The policy mandates that the City of Wheat Ridge will begin the remediation process of existing technology, procure accessible online technology, and coordinate training and policy modification efforts throughout the city via the Communications and Engagement Manager.
By July 1, 2024, the City of Wheat Ridge must be in full compliance with WCAG 2.2 AA Guidelines in the creation and publication of any online content and materials; including, but not limited to text, links, images, forms, PDFs, documents, and embedded third-party applications.
The policy incorporates the WCAG guidelines, that are based on four core principles:
- Perceivable - this refers to how users perceive content online through their senses of sight, sound, and touch. This includes video captions, text that can be adjusted for contrast, color, text size and spacing, font, and similar factors that make it easier to read.
- Operable - operability means the ways that someone can use the site. It’s particularly relevant to people with motor disabilities, weak muscles, injured limbs, etc. An operable site needs to be navigable entirely by keyboard, sight-assisted navigation, and other alternatives to a classic mouse.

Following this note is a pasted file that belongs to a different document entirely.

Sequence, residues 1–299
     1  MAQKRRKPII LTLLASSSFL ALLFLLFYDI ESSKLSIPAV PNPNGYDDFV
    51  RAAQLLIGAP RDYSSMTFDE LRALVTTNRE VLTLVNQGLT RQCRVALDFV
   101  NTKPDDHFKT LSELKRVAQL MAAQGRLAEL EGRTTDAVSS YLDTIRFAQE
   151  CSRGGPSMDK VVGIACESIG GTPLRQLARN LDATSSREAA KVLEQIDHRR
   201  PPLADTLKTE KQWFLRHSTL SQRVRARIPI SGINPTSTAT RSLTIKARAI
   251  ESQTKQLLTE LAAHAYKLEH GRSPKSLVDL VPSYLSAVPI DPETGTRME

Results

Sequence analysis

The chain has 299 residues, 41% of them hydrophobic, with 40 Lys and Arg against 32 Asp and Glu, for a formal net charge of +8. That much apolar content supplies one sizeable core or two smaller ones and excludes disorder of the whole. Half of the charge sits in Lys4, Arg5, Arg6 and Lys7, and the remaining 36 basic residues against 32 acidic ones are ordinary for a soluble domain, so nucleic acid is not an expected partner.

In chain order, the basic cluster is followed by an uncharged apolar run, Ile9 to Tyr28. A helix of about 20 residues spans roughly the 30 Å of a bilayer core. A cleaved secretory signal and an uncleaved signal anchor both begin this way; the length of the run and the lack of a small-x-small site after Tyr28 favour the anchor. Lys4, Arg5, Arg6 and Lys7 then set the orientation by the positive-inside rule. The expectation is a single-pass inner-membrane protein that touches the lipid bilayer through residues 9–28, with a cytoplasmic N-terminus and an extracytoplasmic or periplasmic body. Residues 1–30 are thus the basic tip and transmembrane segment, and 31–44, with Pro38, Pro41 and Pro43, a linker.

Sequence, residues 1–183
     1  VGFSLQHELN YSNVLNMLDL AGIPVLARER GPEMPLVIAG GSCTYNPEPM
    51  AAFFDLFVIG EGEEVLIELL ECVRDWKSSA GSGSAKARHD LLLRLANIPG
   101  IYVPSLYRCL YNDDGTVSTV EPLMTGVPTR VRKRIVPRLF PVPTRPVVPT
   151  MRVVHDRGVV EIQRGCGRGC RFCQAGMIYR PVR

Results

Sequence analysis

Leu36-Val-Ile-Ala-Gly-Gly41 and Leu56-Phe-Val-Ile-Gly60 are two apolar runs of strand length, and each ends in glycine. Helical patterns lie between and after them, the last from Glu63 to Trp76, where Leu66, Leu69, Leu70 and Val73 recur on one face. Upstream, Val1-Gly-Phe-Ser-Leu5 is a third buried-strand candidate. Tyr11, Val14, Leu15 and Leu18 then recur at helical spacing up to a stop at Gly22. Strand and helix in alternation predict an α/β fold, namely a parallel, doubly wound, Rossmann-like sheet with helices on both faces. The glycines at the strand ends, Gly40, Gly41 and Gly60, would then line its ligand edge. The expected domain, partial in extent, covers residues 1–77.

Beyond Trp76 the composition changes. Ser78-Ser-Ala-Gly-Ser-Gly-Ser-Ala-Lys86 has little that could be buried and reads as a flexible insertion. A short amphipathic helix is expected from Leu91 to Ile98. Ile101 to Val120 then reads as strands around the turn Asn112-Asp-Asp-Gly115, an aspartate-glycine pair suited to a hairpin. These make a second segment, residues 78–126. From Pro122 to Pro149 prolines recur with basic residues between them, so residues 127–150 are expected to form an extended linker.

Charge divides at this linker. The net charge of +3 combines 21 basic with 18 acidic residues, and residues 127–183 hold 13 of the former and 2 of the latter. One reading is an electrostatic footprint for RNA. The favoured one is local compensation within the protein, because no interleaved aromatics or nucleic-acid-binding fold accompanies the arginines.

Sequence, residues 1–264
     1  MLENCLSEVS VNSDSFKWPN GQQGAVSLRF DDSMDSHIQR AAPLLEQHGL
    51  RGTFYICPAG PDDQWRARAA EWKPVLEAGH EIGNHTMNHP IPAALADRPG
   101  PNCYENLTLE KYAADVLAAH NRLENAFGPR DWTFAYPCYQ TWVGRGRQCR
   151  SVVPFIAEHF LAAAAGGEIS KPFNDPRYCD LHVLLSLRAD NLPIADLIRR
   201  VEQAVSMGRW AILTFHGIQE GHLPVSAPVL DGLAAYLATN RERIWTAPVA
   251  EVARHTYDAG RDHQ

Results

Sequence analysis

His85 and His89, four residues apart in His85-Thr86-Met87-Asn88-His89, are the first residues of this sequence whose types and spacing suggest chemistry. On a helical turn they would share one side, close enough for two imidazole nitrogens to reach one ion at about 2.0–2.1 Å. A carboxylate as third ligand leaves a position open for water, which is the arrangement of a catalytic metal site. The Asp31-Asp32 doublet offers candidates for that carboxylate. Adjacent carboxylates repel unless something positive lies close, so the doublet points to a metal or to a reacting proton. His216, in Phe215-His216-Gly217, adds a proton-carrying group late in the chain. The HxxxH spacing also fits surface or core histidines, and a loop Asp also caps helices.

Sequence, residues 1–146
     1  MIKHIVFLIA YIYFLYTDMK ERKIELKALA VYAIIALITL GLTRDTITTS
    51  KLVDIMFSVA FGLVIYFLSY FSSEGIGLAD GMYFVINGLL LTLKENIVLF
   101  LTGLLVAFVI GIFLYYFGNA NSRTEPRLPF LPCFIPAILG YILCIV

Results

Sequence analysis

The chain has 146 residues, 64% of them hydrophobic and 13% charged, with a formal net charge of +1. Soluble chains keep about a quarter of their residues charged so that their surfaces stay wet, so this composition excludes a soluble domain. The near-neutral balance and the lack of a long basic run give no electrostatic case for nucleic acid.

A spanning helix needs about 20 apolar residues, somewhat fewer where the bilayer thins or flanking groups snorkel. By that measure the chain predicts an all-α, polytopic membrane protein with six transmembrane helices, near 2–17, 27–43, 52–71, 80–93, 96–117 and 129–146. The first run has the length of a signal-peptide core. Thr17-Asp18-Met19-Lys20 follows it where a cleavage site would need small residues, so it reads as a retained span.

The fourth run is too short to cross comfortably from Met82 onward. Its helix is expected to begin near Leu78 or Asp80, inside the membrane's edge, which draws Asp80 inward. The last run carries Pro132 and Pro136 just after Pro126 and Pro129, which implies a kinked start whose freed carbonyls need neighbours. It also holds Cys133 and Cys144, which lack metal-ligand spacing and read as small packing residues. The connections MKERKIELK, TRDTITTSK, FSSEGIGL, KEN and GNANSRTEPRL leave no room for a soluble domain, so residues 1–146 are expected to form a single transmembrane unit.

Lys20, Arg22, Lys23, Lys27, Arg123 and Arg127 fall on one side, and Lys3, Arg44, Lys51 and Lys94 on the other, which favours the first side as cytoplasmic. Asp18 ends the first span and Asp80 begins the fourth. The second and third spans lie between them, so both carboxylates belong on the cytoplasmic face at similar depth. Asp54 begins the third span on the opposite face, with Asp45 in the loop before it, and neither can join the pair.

- Understandable - understandable sites are accessible for everyone to understand. They don’t use many technical terms or complex jargon, don’t have complicated instructions that are difficult to follow, and have consistent directions that won't confuse readers.
- Robust - there are two factors for a robust site: Using clean HTML and CSS code that meets recognized standards Being compatible with assistive tools that people with disabilities use to browse online.
To incorporate these principles the city will:
Work to remediate existing content and digital assets such as images without alternative text, video recordings without captions, untagged PDF files, and improperly anchored links. This includes both website content and social media content.
- Train city staff who creates content to build documents, webpages, and all digital content to be accessible moving forward.